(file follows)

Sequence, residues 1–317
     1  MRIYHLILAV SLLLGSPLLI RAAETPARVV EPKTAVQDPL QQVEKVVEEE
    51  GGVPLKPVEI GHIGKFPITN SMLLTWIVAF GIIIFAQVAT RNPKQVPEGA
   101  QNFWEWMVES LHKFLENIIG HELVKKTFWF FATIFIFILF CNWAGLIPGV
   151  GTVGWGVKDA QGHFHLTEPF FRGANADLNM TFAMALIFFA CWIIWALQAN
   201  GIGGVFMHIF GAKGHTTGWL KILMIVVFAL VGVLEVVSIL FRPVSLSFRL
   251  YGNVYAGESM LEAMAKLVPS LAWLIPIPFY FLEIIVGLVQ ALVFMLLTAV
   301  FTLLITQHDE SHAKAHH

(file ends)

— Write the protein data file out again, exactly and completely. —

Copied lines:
Sequence, residues 1–317
     1  MRIYHLILAV SLLLGSPLLI RAAETPARVV EPKTAVQDPL QQVEKVVEEE
    51  GGVPLKPVEI GHIGKFPITN SMLLTWIVAF GIIIFAQVAT RNPKQVPEGA
   101  QNFWEWMVES LHKFLENIIG HELVKKTFWF FATIFIFILF CNWAGLIPGV
   151  GTVGWGVKDA QGHFHLTEPF FRGANADLNM TFAMALIFFA CWIIWALQAN
   201  GIGGVFMHIF GAKGHTTGWL KILMIVVFAL VGVLEVVSIL FRPVSLSFRL
   251  YGNVYAGESM LEAMAKLVPS LAWLIPIPFY FLEIIVGLVQ ALVFMLLTAV
   301  FTLLITQHDE SHAKAHH